The fancy hotel room was supposed to be a treat, an exciting break from our usual routine. It was luxurious; cherry-wood paneled walls, leather couches, a decadent bar and a hot tub. This vacation from real life was going to make our happy marriage even happier.

But his smile was crystalline, his eyes shiny-flat and hard as marbles. He was cold and distant, so unlike himself. This was no second honeymoon.

We had never fought so much. The air was heavy with bitterness, dissatisfaction.

Something was wrong. The lavish surroundings seemed to mask something dark and ugly.

Something sinister.

Sickeningly sweet, saccharine poison soaking into everything we held most dear.

It all seemed unreal, distant; a nightmare set to the backdrop of heaven.

The room felt… red. Candy-apple red, crimson lips curved in a wicked smile, a trickle of fresh blood. Syrupy thick, painful, all-encompassing scarlet.

The pulse of light behind closed eyelids.

A migraine.

He had enough, and stormed out.

I expected the red to fade, and it did; the room shadowed, the lights seemed to flicker. Then I could still see it out of the corner of my eye.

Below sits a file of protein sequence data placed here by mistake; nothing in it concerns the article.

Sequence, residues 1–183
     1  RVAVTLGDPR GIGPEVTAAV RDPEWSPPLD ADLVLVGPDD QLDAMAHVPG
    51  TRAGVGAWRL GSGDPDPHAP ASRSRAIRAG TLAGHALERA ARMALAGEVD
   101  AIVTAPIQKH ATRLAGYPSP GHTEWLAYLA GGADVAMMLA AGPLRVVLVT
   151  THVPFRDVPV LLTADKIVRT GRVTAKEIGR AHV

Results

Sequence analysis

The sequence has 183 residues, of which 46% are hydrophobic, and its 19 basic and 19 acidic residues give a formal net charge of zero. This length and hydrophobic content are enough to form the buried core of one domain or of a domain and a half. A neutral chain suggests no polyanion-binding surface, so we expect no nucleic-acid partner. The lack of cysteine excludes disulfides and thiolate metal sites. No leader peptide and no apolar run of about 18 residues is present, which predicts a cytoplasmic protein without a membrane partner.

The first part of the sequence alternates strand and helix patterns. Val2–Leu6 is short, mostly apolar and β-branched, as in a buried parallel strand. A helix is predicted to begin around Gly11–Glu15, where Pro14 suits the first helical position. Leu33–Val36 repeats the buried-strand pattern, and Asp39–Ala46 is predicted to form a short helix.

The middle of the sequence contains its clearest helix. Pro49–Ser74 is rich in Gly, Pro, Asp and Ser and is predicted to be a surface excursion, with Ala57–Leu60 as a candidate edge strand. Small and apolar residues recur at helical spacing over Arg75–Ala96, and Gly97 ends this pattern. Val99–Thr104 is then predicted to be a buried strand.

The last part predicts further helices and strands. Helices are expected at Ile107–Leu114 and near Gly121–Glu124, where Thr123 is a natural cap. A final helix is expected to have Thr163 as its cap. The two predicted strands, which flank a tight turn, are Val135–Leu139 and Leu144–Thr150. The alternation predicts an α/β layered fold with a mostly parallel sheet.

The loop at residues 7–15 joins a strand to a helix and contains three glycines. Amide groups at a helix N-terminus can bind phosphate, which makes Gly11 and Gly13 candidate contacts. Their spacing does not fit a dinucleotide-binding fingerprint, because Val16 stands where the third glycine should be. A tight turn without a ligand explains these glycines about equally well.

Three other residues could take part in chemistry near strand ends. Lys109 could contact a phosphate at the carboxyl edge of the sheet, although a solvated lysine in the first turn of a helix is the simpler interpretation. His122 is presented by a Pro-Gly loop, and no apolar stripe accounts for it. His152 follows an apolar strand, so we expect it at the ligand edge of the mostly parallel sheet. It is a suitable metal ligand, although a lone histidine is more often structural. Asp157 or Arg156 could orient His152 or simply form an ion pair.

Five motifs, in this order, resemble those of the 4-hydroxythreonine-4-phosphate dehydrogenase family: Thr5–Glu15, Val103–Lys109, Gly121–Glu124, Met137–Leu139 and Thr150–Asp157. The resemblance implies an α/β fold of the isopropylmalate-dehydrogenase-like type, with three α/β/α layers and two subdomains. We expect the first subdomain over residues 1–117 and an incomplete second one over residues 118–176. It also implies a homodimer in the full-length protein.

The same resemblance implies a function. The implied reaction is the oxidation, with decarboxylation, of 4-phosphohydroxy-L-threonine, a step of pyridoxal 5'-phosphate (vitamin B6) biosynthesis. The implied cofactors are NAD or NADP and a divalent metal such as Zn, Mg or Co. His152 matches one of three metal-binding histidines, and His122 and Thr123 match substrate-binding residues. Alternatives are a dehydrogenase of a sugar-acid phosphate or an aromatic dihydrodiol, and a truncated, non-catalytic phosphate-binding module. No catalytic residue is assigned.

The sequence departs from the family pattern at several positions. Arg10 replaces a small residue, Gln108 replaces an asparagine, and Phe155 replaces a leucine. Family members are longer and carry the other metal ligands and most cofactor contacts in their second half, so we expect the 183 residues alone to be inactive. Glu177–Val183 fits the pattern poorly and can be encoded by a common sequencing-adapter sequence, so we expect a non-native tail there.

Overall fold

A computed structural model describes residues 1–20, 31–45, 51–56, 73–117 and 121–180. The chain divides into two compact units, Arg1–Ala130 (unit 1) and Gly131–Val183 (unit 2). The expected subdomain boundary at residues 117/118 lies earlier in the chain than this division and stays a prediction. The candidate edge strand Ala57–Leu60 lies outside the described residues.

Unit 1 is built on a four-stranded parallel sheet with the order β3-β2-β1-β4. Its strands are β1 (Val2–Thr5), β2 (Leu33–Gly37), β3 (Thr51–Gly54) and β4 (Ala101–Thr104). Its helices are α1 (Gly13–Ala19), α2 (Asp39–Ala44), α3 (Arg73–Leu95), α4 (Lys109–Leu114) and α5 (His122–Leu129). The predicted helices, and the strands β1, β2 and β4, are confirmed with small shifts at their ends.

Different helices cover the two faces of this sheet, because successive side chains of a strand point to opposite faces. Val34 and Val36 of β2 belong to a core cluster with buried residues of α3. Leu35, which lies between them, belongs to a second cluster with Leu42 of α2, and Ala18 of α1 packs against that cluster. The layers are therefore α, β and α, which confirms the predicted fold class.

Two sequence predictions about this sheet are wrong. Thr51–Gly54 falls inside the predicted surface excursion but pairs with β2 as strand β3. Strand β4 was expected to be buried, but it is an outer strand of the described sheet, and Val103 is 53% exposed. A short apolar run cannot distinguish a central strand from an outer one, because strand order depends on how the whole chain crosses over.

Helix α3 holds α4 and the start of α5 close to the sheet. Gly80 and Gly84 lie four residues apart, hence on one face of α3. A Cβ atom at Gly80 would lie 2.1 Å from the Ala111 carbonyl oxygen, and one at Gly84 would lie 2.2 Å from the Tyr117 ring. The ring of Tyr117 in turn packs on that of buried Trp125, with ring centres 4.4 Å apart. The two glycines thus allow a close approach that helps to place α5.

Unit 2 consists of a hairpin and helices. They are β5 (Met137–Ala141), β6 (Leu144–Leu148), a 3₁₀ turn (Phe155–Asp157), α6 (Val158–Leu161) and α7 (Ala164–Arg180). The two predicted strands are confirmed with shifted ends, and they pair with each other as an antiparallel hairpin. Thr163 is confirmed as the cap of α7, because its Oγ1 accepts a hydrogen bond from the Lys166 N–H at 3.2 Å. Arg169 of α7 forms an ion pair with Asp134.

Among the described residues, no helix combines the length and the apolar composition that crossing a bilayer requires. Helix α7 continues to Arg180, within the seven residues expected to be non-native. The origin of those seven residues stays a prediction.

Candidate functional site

Red. The outline of a man in a red, red suit.

Pulsing with malice.

It was whispering, barely audible; promises, threats, pleas, commands. Enticing lies to coerce, entrap, and smother me.

I would not look. I could not look. If I looked at it, this… thing in the shape of a man, if I acknowledged its existence, I wouldn’t be able to resist the honeyed words. How long had it been hissing these lies?

I couldn’t move. Its presence seemed to suck the air out of the room, the air out of my lungs.

I willed myself not to look.

Do not look.


The Birds

I am roughly shaken awake. A Brother, face pale in my dark room. “It is time, we have to do it now! They are already at the door.”

I sprint down the stone steps, my coarse, heavy robes impeding my flight. I dash from the living quarters into the bustling courtyard. The sun is starting to come up, but it is still dim. Torches are lit, men in dark robes whisper urgently. The space is humming with activity, yet the only sounds are the whisper of flames and soft patter of feet.

We mustn’t wake them.

The monks are assembled, we quickly move to the livestock barn across the yard. This hour, between night and day, they are most vulnerable.